Where industries think the legislature is primed, workers are also seeing the advent of the workers’ compensation version of ‘separate but equal’ (despite that the Supreme Court already decided separate is never equal). While opt-out measures, like those passed and declared unconstitutional in Oklahoma, have taken a temporary back seat to other legislation, employers continue to look at ways to control costs without being beholden to state workers’ compensation systems. Increasingly this is happening by declaring traditional workforces as independent contractors. This may even be preferable to the opt-out movement, as these workers are being outright excluded from coverage. By removing workers from the payroll, employers establish the ultimate cost-shift and eliminate any protections established in the grand bargain.
These are heavy ideas for attorneys dedicated to helping workers resume their lives after work place injuries. The reality of shifting the costs of workplace injuries from the industry that created them has designed an atmosphere in which workers cannot win. Injured workers are castigated for using the meager benefits allowed in the current and declining systems, they are criticized for using state and federal funds in place of workers’ compensation benefits and they are not given tools to regain a productive life after a serious workplace injury. WILG’s attorney members have an uphill battle. But, together, we have the means to win this fight.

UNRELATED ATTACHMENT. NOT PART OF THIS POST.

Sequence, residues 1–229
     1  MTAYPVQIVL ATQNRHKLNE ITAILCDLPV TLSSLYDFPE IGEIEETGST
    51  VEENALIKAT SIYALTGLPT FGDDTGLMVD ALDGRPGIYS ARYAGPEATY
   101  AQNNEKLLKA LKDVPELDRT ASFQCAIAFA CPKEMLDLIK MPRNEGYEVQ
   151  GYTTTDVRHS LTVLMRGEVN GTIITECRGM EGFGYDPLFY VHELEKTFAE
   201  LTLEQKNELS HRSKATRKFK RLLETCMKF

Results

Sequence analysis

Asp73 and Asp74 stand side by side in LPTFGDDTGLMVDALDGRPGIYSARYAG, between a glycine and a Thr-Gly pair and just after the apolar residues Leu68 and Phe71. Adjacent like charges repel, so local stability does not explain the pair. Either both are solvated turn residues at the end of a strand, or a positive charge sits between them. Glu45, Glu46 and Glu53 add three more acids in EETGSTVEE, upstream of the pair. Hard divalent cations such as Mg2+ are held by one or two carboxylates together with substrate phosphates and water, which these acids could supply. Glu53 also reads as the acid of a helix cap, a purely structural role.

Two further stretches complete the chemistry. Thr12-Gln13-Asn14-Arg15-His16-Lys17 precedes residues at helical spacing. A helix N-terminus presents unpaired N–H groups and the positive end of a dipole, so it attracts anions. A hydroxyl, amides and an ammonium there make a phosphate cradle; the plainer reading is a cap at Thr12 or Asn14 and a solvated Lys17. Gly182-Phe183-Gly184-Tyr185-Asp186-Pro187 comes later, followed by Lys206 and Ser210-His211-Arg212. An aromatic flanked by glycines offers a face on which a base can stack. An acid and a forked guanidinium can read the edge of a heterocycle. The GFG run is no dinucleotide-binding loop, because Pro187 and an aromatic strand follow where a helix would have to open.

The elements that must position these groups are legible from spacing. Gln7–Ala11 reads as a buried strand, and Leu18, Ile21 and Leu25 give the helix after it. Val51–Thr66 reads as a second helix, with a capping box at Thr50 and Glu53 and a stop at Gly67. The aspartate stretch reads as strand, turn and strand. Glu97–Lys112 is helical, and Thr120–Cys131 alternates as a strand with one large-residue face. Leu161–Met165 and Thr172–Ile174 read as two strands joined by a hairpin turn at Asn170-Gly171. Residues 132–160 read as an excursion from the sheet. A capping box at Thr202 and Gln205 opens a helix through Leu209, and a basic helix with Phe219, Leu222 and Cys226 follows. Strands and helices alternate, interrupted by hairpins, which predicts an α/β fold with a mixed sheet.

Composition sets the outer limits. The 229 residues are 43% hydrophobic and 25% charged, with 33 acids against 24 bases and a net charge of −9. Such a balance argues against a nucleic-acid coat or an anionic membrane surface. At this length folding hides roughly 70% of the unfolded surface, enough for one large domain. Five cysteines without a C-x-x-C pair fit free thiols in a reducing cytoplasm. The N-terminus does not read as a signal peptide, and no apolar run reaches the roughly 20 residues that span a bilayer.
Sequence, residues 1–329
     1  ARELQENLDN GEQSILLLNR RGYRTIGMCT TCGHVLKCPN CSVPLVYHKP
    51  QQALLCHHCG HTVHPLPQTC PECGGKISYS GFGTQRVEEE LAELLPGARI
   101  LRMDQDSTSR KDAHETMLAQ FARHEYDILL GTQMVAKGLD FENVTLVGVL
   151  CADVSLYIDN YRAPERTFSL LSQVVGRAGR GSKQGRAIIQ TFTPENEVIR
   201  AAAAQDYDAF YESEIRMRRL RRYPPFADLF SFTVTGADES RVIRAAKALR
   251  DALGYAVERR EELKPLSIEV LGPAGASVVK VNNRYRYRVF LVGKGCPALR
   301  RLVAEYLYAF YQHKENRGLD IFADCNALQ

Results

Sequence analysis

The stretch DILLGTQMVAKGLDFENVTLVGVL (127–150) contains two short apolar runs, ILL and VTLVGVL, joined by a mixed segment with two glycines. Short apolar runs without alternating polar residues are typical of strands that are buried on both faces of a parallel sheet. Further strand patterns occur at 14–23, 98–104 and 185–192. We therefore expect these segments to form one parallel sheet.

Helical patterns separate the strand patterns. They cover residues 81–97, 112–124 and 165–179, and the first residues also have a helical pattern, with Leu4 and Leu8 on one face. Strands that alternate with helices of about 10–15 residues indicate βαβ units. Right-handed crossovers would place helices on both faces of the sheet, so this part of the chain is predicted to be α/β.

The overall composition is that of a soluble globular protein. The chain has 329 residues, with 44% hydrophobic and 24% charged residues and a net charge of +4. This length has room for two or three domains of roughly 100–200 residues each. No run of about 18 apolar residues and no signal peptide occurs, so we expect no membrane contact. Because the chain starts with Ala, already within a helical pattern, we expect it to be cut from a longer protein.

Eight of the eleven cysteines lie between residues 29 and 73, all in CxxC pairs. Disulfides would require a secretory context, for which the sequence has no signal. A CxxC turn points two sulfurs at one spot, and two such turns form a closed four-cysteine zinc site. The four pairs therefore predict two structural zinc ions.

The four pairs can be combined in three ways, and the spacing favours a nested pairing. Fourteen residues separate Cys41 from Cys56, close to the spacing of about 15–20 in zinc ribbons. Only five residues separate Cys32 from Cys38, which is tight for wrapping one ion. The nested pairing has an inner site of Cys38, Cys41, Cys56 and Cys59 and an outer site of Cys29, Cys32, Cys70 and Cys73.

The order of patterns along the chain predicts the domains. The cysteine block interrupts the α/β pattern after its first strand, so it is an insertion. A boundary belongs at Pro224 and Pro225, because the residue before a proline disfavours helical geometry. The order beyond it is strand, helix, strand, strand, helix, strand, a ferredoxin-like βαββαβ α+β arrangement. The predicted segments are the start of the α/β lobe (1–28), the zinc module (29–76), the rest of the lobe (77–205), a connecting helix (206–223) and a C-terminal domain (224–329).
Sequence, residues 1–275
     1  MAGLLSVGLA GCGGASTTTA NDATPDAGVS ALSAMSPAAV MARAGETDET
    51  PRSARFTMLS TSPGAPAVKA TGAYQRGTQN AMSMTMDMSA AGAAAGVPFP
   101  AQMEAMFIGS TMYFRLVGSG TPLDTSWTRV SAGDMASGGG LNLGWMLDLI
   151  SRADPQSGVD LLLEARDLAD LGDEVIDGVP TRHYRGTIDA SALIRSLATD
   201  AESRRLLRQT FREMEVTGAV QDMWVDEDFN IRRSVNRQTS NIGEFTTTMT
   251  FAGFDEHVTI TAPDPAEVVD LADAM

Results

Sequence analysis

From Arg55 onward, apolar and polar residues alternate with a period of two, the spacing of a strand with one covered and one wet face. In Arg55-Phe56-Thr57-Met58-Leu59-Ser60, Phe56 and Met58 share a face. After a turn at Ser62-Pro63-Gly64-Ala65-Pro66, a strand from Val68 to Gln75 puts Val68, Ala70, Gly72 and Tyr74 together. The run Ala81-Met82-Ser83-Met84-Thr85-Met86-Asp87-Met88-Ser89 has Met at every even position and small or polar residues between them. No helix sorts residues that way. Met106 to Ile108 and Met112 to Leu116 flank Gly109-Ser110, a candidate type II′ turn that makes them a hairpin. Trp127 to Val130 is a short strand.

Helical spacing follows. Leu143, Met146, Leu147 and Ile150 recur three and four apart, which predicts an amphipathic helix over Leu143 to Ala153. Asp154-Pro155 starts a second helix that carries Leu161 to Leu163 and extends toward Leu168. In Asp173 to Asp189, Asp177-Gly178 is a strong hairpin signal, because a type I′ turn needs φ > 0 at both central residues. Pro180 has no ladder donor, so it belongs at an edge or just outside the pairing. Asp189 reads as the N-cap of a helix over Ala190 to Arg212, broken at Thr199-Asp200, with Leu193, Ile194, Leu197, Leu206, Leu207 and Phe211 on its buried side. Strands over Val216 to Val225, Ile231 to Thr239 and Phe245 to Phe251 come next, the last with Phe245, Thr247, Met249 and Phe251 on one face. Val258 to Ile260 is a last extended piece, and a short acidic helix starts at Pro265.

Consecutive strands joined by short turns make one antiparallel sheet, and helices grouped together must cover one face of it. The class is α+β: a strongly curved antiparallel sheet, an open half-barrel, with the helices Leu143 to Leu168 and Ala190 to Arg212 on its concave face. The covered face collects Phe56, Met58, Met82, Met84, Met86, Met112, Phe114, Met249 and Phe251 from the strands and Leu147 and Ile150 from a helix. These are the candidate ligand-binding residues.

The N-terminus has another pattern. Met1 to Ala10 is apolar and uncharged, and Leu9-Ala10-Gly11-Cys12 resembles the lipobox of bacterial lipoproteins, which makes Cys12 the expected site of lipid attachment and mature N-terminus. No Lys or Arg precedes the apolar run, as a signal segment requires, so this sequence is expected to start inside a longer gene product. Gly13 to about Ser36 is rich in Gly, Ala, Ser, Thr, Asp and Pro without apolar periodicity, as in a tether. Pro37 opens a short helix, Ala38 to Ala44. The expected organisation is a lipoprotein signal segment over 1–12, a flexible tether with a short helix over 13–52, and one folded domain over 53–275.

WILG is helping attorneys to join forces in preparing a new civil rights movement. We are sharing ideas on how to challenge the constitutionality of reforms that limit workers’ rights. We are working toward using the appellate courts to reassert the rights of workers whose voices are being lost in the drone of big business lobbyists in the legislatures. Our daring attorneys are focusing on repairing the bargain that has been so eroded in a time when the public is suspicious of increasing any social insurance program. And, we are starting to see changes for the better. This week, a solicitor for the U.S. Department of Labor issued an opinion urging allowing workers be able to choose where they get medical devices. This was a direct result of the amicus brief submitted by WILG. We need to continue standing up for the rights of workers, and, together, we can make this system a “grand” bargain once again.
As always, thank you for all your hard work standing up for injured workers. You are the heart and blood of this great organization.
Amie C. Peters
Blue Water Legal PLLC
PO Box 83
Edmonds, WA 98020
Click here to read President Amie C. Peters President's Messages
Click here to read Immediate Past President's Messages by Michael K. Gruber